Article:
Start your day the right way at Denver Diner. This is a classic, classic place that’s open 24 hours a day and offers up a huge speciality breakfast (one is called “Stoner’s Delight” FYI). Suitably stuffed, roll yourself for 6 minutes to Denver Mint. Opening at 8am, this place is literally the only place that still produces American coinage. Pretty cool to see it all happening. Tip: it’s closed Fridays and the weekend.
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If the idea of floating in the air doesn’t exactly, um, float your boat, then we’ve got another awesome thing for couples to do in Colorado: hit up one of their many hot springs. One of the best is Desert Reef Hot Springs. This geothermically heated water flows from 1000 feet below ground and makes for a mineral-rich, relaxing soak with your partner.
Even if you hate the sound of excess change rattling around your pockets, you'll find a tour of the Denver branch of the United States Mint to be an interesting way to spend an hour or so. Having opened in 1863, its purpose was to transform the Gold Rush's findings into coinage. Today, the U.S. Mint in Denver can produce up to 50 million coins a day.
Baseball is a sport that lives off nostalgia like no other, and you can’t get more nostalgic than visiting a museum dedicated to old ballparks. Since the owner, Bruce Hellerstein, decided to display his amazing collection of ballpark memorabilia from the basement of his house, baseball fans from around the country have been making annual pilgrimages to this beloved museum.
Baseball is a sport that lives off nostalgia like no other, and you can’t get more nostalgic than visiting a museum dedicated to old ballparks. Since the owner, Bruce Hellerstein, decided to display his amazing collection of ballpark memorabilia from the basement of his house, baseball fans from around the country have been making annual pilgrimages to this beloved museum.
In 1858, a group of American Indians and settlers struck gold at the foot of the Rocky Mountains. Their discovery soon spread back to the East Coast, prompting people to pick up and move west. The site of the original pioneer camp (known back then as Auraria) soon grew into the charming area now known as Larimer Square. Although the city has since expanded, this historic neighborhood remains the heart and soul of the Mile High City, and according to some, it's the place to start your Denver experience. It's also a featured stop on many of the best Denver tours. Recent visitors attest that Larimer Square is always buzzing with life, thanks to the area's numerous restaurants, shops and nightlife venues.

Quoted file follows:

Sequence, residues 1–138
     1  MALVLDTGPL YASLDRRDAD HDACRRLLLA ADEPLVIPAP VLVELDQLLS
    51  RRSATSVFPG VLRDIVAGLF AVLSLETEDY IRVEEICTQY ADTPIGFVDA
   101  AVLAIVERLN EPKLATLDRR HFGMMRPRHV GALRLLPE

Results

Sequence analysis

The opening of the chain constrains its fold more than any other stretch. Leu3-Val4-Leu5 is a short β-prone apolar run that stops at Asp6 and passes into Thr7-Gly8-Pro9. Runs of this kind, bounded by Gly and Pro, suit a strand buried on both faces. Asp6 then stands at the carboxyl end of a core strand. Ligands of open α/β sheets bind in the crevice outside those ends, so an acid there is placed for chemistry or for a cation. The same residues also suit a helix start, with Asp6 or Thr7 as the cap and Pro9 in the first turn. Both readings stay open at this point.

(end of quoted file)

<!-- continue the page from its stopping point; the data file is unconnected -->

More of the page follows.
Running continuously since 1882, the Durango and Silverton Narrow Gauge Railroad is genuinely one of the most scenic railroads in the whole of the USA. Riding the railroad is one of the more touristy things to do in Colorado, but we literally don’t care: it’s amazing. Hop on one of the coaches straight outta the 1880s (the interiors are immense; get ready to blow up your Instagram) and be whisked into a past of frontiersmen and cowboys.

Casa Bonita is possibly the most famous, most outrageous place to eat dinner in Denver, and is one of the very best things to do in Colorado at night. If you’ve never heard of it, get ready to really, really want to go: it’s a replica of a Mexican village in a strip mall. This crazy restaurant seats 1,000 people at a time, makes like you’re in a fiesta the whole time, features puppets, shoot-outs, and crazy characters, making it a pretty, um, special place to dine. There’s cliff diving and a haunted cave, but you probably remember South Park‘s Cartman telling you that.
You’ve been to a craft weed producer. You’ve learned all there is to know about how their gardens grow here. So now you should visit the International Church of Cannabis – and yes, that exists. Visiting this place has got to be one of the most unique things to do in Colorado. Unoccupied for a few years until 2017 when it was reopened as a church for so-called “Elevationism“.
With its excellent views of the Rocky Mountains, miles of hiking trails and cinnamon-hued sandstone cliffs, Red Rocks Park is a big draw for outdoors enthusiasts. Occupying 700-some acres, this impressive park offers visitors the opportunity to experience the fascinating geographic transition between the Great Plains and the Rocky Mountains. If you only have a short amount of time here, stretch your legs along the Trading Post Trail; this nearly 1 ½-mile-long path weaves through the rust-colored buttes, making for some spectacular scenery. Before you head out, travelers recommend stopping by the visitor center, which features information on the parks history and trails.
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